Kentucky Hemp Seed Battle Isn't Quite Over

DEA expected to release seized seeds soon, but legal fight will continue.

The U.S. Department of Justice is allowing regulated marijuana markets in Colorado and Washington state, but its anti-drug subdivision, the U.S. Drug Enforcement Administration, seized low-THC hemp seeds shipped from Italy to Kentucky.

The U.S. Department of Justice is allowing regulated marijuana markets in Colorado and Washington state, but its anti-drug subdivision, the U.S. Drug Enforcement Administration seized low-THC hemp seeds shipped from Italy to Kentucky.

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The Drug Enforcement Administration is inching toward releasing 250 pounds of hemp seeds seized en route to the Kentucky Department of Agriculture for distribution to university pilot programs.

Lawyers for the DEA and Kentucky faced off in federal court for a second time Wednesday to discuss the seeds, which were shipped from Italy earlier this month.

Kentucky officials filed suit May 14 seeking an emergency injunction requiring the DEA to release the seeds, which must be planted before June 1 for optimal growing, saying the agency is exceeding its authority and imposing arbitrary roadblocks.

An amendment to the federal farm bill signed into law by President Barack Obama in February allows states to authorize hemp-growing pilot programs. Hemp backers say the provision supersedes older regulations that effectively banned farming marijuana’s fibrous low-THC cousin for decades.

The DEA disagrees.

The anti-drug agency is requiring Kentucky to secure a controlled substance import permit. Its lawyers said Wednesday the seeds will be released after Kentucky officials submit a list of locations where the seeds are going – a list featuring six universities and three affiliated private growers – accompanied by the upward limit of seeds destined for each location.

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“I cannot envision a scenario where we do not have the seed today or tomorrow,” says Holly Harris VonLuehrte, chief of staff to Kentucky Agriculture Commissioner James Comer.

U.S. District Judge John Heyburn has not issued a ruling as the two sides negotiate, but scheduled a Friday conference call to evaluate progress.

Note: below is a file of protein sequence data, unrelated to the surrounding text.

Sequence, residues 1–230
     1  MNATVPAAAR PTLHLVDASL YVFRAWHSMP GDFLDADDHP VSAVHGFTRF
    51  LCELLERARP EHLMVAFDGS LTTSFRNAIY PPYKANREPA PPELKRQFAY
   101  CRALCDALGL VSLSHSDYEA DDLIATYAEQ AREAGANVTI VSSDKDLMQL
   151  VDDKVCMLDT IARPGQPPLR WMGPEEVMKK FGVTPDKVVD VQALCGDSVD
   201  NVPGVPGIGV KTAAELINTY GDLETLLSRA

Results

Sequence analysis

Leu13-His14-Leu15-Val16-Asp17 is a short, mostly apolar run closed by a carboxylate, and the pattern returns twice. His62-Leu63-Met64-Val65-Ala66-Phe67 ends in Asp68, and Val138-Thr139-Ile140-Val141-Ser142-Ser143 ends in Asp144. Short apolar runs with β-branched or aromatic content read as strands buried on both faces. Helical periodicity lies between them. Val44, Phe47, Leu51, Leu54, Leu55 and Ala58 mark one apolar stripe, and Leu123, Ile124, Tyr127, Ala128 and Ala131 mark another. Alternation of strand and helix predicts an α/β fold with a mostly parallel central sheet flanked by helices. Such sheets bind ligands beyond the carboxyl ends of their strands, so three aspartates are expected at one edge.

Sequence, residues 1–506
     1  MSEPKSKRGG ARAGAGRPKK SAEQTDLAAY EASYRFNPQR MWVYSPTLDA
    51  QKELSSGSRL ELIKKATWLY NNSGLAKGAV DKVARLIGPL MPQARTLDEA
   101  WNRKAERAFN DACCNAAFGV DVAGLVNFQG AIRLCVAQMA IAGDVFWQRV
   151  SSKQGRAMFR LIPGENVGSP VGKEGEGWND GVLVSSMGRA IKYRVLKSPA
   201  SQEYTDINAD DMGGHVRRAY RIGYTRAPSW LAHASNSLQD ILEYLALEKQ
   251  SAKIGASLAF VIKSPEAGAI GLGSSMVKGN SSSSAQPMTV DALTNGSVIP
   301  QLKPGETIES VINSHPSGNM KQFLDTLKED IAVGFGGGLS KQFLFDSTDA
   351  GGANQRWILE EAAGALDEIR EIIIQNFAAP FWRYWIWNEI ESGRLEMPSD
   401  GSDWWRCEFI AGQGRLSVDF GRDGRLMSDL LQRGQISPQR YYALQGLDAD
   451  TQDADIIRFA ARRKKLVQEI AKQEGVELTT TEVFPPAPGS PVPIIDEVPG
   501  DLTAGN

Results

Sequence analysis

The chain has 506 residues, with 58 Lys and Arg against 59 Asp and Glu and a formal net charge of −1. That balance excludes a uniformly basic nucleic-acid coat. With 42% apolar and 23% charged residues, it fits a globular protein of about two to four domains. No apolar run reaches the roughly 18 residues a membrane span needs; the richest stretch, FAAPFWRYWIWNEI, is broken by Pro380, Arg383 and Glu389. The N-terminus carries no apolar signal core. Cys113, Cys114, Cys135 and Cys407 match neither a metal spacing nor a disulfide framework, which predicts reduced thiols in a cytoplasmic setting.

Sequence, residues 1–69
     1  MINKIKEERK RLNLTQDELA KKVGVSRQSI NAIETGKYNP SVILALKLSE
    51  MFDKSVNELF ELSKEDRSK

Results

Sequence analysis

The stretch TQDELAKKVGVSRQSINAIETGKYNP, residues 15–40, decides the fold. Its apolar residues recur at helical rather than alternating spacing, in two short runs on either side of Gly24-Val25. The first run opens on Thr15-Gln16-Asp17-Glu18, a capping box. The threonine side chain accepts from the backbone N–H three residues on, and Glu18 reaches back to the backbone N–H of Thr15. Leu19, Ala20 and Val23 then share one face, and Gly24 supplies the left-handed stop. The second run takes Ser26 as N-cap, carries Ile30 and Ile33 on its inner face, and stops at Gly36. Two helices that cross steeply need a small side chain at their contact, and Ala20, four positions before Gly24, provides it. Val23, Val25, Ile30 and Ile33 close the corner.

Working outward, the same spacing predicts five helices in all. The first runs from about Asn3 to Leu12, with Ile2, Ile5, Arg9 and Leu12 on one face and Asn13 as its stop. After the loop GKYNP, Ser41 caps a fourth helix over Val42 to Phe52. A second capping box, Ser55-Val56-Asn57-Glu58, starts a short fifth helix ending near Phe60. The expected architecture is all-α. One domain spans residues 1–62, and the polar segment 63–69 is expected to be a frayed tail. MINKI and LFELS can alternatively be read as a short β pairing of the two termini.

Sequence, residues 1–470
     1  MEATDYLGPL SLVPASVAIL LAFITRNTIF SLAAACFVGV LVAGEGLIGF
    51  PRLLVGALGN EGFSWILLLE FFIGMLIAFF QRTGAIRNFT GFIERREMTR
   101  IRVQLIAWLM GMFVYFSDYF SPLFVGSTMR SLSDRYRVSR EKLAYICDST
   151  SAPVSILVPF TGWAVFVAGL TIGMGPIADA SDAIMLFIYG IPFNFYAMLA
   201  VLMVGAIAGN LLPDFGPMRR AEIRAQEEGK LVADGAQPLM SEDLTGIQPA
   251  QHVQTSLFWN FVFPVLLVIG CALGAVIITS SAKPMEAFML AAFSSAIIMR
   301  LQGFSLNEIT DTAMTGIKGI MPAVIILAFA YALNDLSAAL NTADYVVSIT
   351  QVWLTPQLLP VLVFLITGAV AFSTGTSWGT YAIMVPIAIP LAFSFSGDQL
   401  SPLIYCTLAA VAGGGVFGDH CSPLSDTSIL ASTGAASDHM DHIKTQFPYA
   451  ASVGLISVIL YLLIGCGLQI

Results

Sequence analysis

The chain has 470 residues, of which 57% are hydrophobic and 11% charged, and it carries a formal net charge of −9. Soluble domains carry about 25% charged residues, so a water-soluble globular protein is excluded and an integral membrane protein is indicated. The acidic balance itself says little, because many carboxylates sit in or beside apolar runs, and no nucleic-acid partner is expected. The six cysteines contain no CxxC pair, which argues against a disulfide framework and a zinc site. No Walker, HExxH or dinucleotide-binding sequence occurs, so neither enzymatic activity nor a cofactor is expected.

At an initial hearing May 16, DEA lawyers insisted that the Kentucky Department of Agriculture apply for the import permit. The department did so, and the DEA then insisted on inspecting the state’s hemp seed storage facility.

The Kentucky Department of Agriculture is now a registered controlled substance importer, and hopes to acquire the import permit very soon.

VonLuehrte is cautiously optimistic the goal posts have stopped moving. Last week she said negotiating with the DEA is “like buying a house.”

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Based on the most recent courtroom discussions, VonLuehrte says private growers who have signed memorandums of understanding with the department appear to have a green light to grow hemp – resolving one of the final sticking points. Those growers include a group of veterans, a tobacco farmer and a man working on an animal bedding project.

“Clearly the intent of Congress is to allow farmers to grow hemp on pilot projects,” Rep. Thomas Massie, R-Ky., who co-introduced the hemp amendment and anticipated DEA opposition to private growers, told U.S. News Friday. “The government doesn’t own plantations.”

The Department of Justice says Kentucky officials should have seeds sometime this week.

“It’s safe to say everyone would like this to happen quickly,” Justice Department spokeswoman Ellen Canale tells U.S. News. “This is the first time we’re all doing this, and so there is bound to be snags and hiccups and here and there, but we’re happy this is being resolved."

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Kentucky successfully procured about 100 pounds of hemp seed – enough to plant about 3 acres, according to VonLuehrte – before the DEA ordered U.S. Customs and Border Protection to detain the 250-pound shipment from Italy at a UPS facility in Louisville, Ky.

The 100 pounds of seed were shipped by California-based hemp activist and businessman Chris Boucher, the vice president of US Hemp Oil, a company that hopes to jump-start the U.S. hemp industry with donated seeds.

Boucher tells U.S. News he purchased the 100 pounds from a French supplier and shipped them directly to the Kentucky Department of Agriculture without a DEA controlled substance import permit.

“I try to keep a low profile,” he says. “We just went ahead and did it.”

He says he’s purchased “several metric tons” of hemp seeds in Canada and Europe for about $3.50 a pound, but is waiting for the Kentucky case’s outcome before importing that haul.